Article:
Jazz vocalist Mark Winkler sparkles with personality, honesty, sass, and verve all over Till I Get It Right. Filled with plenty of fresh originals and a big ol’ slice of attitude, this is one set of songs that will have you smiling and grooving.
Winkler is a gifted vocalist, no question about it. His elocution is enticing, his pacing is refreshing, and his range is undeniable. But more than that, Wink is a chic lyricist with distinct skill, wit, and dashes of pure emotion. When many jazz vocalists are pouring through the Great American Songbook in search of old favourites, he takes risk after risk with his own audacious songs.
Till I Get It Right slides into the Winkler catalogue gracefully as a reminder that great tunes are still being written by today’s finest talents and new classics are only a note or two away.
Winkler’s vocals are framed with piano by Jamieson Trotter, bass from Dan Lutz, drums from Steve Hass, guitar from Anthony Wilson, Ron Blake’s trumpet, and Bob Sheppard’s saxophone. The band behind him is inviting, pleasingly pouring through solos and melodies with simple ease. They are never overpowering and make for a nice fit with the vocals.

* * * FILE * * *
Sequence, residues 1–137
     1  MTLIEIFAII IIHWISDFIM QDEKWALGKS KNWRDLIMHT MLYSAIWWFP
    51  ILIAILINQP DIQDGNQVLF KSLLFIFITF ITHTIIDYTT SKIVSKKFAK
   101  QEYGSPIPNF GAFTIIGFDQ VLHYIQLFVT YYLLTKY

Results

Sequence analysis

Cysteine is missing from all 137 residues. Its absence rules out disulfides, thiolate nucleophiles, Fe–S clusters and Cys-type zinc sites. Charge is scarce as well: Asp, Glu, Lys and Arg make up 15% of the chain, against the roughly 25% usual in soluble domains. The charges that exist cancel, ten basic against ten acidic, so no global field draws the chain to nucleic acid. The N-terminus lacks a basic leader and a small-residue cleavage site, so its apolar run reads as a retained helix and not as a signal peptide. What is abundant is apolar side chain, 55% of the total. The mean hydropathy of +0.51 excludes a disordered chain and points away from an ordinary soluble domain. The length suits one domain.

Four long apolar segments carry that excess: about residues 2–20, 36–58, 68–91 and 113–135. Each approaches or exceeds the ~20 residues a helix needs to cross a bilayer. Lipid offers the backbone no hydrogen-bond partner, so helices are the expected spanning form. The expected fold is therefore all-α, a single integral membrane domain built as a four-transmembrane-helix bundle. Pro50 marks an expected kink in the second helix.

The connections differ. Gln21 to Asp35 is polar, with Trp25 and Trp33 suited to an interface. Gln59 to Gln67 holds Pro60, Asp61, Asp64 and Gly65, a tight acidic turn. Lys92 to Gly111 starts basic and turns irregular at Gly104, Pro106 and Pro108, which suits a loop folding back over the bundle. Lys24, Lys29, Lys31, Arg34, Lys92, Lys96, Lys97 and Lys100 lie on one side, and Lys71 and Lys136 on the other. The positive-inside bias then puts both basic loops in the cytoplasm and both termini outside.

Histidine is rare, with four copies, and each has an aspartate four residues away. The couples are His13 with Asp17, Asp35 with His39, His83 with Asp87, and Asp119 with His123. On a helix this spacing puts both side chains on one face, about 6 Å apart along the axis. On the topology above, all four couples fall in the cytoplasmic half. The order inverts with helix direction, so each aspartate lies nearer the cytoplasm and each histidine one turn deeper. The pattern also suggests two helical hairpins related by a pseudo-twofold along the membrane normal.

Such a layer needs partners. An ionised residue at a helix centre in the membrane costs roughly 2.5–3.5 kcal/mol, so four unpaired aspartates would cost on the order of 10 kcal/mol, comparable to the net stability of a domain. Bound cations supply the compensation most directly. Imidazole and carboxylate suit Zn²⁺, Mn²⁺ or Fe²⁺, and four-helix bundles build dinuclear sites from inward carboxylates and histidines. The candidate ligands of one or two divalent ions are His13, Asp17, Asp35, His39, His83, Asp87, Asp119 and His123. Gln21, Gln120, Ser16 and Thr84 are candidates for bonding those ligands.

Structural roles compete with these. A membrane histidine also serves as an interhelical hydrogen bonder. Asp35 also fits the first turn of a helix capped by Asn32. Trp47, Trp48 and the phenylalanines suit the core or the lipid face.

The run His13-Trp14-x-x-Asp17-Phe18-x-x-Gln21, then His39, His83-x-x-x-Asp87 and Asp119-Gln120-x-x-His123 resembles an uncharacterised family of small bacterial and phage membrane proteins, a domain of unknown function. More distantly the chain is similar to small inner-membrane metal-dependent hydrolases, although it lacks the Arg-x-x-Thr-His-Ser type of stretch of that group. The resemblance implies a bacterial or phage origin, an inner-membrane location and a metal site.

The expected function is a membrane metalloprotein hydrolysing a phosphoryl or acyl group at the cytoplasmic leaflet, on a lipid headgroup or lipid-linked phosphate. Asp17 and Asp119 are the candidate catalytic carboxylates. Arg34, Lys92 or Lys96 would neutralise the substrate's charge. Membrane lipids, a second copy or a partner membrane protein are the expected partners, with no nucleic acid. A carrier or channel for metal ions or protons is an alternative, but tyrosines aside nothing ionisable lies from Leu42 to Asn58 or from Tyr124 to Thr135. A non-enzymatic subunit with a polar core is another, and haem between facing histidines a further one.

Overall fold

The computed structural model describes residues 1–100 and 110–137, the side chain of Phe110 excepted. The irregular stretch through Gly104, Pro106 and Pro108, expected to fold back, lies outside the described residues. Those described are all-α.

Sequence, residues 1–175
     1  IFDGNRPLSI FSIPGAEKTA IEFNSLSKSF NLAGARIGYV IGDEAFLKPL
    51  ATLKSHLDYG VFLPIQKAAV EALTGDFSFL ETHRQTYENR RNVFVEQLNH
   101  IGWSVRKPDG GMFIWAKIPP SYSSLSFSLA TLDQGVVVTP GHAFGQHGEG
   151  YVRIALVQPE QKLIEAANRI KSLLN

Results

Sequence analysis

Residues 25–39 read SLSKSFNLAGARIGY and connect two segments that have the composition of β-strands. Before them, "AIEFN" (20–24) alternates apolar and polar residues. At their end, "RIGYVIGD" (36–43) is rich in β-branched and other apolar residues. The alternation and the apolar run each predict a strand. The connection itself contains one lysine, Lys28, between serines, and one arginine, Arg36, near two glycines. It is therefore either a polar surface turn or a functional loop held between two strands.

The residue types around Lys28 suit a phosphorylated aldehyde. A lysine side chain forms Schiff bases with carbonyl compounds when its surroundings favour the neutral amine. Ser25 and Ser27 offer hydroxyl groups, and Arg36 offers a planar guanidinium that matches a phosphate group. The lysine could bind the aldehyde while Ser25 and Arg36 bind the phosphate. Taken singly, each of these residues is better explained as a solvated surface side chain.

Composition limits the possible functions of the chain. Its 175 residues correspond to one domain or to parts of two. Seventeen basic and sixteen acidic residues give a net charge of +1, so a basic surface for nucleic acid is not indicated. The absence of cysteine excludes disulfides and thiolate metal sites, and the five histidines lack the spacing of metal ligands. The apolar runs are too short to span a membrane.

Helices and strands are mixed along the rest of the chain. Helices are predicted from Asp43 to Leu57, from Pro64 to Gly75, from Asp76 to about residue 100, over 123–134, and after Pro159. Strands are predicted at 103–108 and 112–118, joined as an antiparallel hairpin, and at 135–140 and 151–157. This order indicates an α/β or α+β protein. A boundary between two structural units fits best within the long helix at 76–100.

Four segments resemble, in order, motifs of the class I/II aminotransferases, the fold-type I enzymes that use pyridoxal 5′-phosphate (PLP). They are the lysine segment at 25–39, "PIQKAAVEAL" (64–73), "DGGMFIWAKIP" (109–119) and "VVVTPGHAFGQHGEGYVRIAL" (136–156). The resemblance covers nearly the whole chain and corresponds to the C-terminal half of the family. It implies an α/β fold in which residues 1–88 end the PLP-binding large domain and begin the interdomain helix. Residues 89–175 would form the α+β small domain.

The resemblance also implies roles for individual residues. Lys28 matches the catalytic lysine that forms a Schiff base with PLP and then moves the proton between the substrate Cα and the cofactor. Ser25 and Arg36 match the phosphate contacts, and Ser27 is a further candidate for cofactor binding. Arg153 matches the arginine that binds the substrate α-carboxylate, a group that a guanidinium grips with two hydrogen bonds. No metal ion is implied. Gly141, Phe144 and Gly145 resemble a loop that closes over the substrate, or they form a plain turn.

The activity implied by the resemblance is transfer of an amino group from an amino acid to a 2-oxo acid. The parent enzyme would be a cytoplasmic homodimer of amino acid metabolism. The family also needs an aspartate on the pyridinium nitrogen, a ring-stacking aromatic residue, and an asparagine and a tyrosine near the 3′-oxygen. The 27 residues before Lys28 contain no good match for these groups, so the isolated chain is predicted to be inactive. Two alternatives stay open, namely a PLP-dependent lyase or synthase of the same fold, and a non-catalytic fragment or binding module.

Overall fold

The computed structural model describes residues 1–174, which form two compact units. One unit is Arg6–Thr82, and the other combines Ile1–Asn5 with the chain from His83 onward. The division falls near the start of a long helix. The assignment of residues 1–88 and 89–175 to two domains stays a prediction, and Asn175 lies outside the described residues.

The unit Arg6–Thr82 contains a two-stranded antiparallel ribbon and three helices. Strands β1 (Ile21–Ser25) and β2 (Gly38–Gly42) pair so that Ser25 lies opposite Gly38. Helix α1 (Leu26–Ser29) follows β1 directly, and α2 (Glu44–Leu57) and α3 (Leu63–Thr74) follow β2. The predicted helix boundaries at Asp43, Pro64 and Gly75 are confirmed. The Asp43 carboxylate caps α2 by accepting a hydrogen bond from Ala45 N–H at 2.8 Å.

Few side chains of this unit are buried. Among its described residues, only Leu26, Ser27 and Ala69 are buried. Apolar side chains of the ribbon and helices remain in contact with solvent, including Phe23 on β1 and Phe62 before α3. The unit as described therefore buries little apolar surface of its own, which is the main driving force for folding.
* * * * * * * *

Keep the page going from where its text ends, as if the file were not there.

Winkler is at his best when he ventures out of the norm and plays with different song topics. His bravery is evident as he works through songs like “How To Pack a Suitcase” with Randy Newman style or the Truman Capote-inspired “Sissies.”
Winkler addresses food on another silly number merrily called “How Can That Make You Fat?,” once again revelling in a Newmanesque vibe.
“Cool” is a standout track thanks to Winkler’s fantastic interaction with Cheryl Bentyne. The tune is a fun conversation, with Cheryl and Mark exchanging opinions on one another over a lively, finger-snapping rhythm.
It’s not all cool, swift wit on Till I Get It Right though. “In a Lonely Place” finds Winkler lowering the lights for an intimate performance. His calculated tone, careful presentation, and articulate pronunciation highlight the tune while Blake’s muted trumpet dots the darkness with care. “You kiss me and I was born,” Mark sings.
“You Might As Well Live” closes the record gently. Winkler notes on his blog that this is his personal favourite tune on the CD. It’s a great piece, with the finer points of his voice emerging in the softer moments. There is a real sense of texture and timelessness with this number.
Winkler’s ninth studio record, Till I Get It Right, finds the vocalist and lyricist continuing his musical journey. Humorous and intimate, witty and classy, brave and vulnerable, Mark Winkler is a truly talented performer well worth the attention.